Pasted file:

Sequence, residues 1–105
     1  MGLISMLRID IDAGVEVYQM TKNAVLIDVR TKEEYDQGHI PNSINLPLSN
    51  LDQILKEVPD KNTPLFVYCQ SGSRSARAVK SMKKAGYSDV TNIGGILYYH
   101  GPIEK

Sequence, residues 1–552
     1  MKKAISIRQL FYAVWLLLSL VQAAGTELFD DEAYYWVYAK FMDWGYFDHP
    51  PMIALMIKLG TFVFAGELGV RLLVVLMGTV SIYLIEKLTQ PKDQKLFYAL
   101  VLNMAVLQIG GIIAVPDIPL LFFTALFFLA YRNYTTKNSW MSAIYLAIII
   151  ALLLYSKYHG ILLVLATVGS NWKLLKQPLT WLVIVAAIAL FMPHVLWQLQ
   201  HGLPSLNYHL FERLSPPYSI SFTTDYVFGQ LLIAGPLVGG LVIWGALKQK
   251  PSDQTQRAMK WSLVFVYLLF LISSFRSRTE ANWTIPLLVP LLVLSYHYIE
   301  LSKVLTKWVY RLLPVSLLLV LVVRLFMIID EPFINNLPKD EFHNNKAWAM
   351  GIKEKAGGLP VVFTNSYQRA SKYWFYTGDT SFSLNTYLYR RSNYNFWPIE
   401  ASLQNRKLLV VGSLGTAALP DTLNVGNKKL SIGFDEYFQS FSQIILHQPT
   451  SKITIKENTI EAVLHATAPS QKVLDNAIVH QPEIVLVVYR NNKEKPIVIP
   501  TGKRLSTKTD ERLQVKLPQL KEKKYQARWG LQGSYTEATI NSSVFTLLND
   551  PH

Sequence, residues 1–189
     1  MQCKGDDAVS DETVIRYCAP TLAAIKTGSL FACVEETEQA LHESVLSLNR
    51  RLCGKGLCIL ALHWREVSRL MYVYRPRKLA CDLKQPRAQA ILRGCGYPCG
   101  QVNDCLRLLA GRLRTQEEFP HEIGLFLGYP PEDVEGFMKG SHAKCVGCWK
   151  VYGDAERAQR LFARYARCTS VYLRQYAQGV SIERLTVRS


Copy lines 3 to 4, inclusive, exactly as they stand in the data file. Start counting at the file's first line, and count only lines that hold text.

    51  LDQILKEVPD KNTPLFVYCQ SGSRSARAVK SMKKAGYSDV TNIGGILYYH
   101  GPIEK